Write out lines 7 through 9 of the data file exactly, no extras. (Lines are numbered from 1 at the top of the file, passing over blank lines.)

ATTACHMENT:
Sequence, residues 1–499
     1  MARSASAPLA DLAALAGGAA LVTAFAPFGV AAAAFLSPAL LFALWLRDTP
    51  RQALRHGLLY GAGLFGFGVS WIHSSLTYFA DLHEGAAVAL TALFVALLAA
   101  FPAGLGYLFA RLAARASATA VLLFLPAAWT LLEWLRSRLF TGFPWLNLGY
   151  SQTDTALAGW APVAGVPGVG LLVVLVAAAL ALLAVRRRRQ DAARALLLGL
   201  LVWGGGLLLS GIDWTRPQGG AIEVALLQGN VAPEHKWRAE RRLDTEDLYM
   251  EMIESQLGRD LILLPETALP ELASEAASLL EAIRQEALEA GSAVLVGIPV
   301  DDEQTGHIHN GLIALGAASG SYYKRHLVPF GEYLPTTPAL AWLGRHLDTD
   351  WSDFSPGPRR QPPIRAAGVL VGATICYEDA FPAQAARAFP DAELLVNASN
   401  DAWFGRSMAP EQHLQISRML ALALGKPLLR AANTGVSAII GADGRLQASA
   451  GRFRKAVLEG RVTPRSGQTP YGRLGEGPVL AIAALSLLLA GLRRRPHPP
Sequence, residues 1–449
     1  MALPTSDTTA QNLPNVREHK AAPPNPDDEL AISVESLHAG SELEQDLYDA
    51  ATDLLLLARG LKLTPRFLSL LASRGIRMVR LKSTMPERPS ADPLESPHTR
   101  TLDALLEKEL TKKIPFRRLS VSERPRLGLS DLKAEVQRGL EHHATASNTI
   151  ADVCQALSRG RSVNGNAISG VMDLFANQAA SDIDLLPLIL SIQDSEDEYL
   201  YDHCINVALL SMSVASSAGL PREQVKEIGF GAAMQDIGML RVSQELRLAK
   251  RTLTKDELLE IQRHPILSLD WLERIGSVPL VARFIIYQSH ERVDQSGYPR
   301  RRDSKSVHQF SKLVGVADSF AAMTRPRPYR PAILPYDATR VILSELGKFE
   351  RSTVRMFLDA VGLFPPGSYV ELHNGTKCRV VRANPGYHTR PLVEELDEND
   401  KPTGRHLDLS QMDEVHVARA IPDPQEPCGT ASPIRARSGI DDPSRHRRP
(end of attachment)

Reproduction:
   251  EMIESQLGRD LILLPETALP ELASEAASLL EAIRQEALEA GSAVLVGIPV
   301  DDEQTGHIHN GLIALGAASG SYYKRHLVPF GEYLPTTPAL AWLGRHLDTD
   351  WSDFSPGPRR QPPIRAAGVL VGATICYEDA FPAQAARAFP DAELLVNASN